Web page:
Happy New Year? Retail Tanks, 73,000 Stores Could Close
The ICSC prediction follows a net loss of about 33,000 retail establishments in 2008, with 148,000 total closings offset only partially by a smaller number of openings.
ICSC pointed to the plans of national chains like Sears and Talbots-- already in motion--to close hundreds of unprofitable stores, as well as the bankruptcy or liquidation of big chains like Circuit City, Linens'n Things, Mervyn's and Sharper Image. This wave of closings and bankruptcies will result from two adverse trends coinciding: The credit crunch is making banks especially leery of lending to troubled businesses, coupled with a sharp reduction in consumer spending.
The retail spending figures for the fourth quarter were bad, as economic woes were compounded by bad weather and a shorter shopping season (27 days this year versus 32 last year).
According to the ISCS, same-store sales dropped at least 2% in November and December, compared to the same months in 2007. Retail Metrics, a consulting firm, has same-store sales falling 5% in December, when Wal-Mart is excluded. SpendingPulse, a tracking service from MasterCard, has same-store sales down 2.5% in November and 4% in December, when autos and gas are excluded, with the sharpest declines coming in women's clothing (22.7%), electronics (26.7%), and luxury (34.5%).
Retailers tried desperately to head off a Christmas catastrophe: JC Penney adopted some innovative tactics, sending out circulars advertising a "second Black Friday" in mid-December and giving consumers free wake-up calls, while stores like Macy's and AnnTaylor are offering discounts of up to 70%, according to Bloomberg.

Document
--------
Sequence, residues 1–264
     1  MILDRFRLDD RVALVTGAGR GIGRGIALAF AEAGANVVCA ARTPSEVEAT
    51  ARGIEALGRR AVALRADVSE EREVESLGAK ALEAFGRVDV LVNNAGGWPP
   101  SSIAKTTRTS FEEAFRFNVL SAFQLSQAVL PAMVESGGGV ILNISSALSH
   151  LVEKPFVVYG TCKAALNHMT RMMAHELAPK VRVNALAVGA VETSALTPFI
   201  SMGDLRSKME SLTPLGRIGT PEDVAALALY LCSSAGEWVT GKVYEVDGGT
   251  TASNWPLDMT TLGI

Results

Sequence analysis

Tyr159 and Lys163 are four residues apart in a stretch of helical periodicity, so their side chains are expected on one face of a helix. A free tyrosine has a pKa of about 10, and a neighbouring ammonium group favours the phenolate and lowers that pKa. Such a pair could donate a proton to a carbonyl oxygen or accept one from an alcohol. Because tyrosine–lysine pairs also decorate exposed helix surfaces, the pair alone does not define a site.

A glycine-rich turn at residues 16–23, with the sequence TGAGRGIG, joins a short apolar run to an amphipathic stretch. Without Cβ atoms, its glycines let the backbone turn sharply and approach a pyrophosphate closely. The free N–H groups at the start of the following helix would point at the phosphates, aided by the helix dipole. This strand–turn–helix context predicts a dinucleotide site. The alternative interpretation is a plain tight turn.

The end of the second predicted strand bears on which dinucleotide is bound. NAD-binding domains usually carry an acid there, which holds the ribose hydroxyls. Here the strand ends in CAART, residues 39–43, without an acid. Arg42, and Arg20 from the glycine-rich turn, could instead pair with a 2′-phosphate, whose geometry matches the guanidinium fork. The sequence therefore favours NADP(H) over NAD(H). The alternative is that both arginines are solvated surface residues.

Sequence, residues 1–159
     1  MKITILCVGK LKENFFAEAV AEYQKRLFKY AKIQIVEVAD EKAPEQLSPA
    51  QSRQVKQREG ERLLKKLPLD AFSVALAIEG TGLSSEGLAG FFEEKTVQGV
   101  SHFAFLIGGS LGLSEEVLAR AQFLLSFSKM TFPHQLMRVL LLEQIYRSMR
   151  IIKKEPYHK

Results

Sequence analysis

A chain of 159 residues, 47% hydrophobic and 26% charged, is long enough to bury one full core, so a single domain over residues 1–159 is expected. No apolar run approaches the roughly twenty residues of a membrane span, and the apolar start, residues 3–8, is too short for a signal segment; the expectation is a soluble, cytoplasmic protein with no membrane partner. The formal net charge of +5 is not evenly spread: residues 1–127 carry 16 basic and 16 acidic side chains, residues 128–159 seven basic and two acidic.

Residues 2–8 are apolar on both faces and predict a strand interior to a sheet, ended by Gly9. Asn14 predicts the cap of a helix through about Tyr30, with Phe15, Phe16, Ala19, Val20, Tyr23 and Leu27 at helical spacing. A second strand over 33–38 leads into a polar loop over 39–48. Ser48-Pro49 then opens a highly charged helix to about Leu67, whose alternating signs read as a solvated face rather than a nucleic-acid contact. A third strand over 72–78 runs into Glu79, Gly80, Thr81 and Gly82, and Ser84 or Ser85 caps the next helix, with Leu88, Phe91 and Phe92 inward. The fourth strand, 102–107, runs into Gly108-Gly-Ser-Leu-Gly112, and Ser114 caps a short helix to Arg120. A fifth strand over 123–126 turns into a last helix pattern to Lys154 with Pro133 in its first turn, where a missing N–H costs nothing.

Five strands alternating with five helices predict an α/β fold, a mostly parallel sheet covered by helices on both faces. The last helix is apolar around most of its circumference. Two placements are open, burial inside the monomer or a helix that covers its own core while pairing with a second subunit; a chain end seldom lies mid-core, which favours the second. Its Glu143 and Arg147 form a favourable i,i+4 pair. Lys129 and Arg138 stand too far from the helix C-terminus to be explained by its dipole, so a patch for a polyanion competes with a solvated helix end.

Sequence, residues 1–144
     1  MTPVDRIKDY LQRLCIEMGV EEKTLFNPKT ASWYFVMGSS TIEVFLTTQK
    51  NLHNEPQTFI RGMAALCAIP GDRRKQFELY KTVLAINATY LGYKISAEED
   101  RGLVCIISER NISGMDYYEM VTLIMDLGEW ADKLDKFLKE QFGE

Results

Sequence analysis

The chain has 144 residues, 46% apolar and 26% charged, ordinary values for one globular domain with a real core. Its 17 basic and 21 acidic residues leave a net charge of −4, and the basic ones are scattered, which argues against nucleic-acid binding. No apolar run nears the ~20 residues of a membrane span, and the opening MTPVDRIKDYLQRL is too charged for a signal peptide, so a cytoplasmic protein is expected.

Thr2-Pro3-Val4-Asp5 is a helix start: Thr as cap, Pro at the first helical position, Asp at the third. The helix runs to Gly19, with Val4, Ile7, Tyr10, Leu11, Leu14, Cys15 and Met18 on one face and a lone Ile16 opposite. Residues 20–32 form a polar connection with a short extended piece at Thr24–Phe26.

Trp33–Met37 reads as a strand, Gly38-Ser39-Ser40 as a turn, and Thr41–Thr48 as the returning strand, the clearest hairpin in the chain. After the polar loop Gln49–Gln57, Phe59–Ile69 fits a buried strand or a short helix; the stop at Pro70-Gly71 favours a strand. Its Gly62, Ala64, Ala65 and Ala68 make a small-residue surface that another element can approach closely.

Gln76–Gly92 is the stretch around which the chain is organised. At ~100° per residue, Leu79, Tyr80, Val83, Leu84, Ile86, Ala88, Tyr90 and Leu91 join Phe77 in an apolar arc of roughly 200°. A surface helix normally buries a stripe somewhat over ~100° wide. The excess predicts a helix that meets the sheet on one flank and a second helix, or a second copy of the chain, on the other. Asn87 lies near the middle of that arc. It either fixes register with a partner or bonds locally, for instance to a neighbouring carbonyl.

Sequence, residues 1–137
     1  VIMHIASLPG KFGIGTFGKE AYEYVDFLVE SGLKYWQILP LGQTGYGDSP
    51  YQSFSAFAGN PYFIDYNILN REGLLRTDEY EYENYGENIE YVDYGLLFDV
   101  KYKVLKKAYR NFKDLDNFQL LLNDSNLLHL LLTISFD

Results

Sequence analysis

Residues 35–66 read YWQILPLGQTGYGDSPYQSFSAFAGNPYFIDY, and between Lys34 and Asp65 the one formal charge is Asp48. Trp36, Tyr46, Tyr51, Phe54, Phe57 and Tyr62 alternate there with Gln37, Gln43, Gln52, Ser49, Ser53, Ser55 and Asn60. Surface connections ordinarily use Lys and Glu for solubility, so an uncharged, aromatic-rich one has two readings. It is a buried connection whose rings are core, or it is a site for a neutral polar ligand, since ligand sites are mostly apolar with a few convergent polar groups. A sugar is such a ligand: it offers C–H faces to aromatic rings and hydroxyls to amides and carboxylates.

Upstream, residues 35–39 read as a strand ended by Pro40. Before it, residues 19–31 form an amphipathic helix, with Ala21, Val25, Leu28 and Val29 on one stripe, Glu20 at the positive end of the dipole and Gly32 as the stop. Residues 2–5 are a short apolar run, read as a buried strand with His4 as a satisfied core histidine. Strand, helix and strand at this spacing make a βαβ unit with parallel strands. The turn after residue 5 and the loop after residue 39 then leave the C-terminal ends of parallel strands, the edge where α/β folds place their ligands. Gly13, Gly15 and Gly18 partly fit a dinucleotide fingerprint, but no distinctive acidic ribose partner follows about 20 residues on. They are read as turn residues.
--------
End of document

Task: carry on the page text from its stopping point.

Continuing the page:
But these efforts seemed to mostly fall flat. In the last weekend before Christmas, store traffic fell 27% and sales fell 5.3%, according to ShopperTrak RCT Corp. Even e-commerce was down, albeit less severely, with a modest 2% decline.
Looking to the future, the prospects for a post-holiday bounce are dim as well. According to Deloitte, consumers spent 24% less on gift cards this year versus last year, reducing one source of likely spending in early 2009.
Indeed, consumer confidence reached a new low of 38 in December, against an index value of 100 (established as a baseline in 1985), according to the Conference Board, which tracks consumer sentiment. That's a marked decrease from 44.7 in November. Consumer perceptions of the "present situation" fell even more sharply, from 42.3 in November to 29.4 in December. Its expectations index, which measures consumer feelings about the future, fell from 46.2 to 43.8 during the same period.
Summing up, Lynn Franco, director of The Conference Board's Consumer Research Center, said these trends reflect "the rapid and steep deterioration of economic conditions that occurred in the fourth quarter of 2008." She added that the downturn will continue at least through the first half of 2009, and "only a modest recovery is expected in the second half."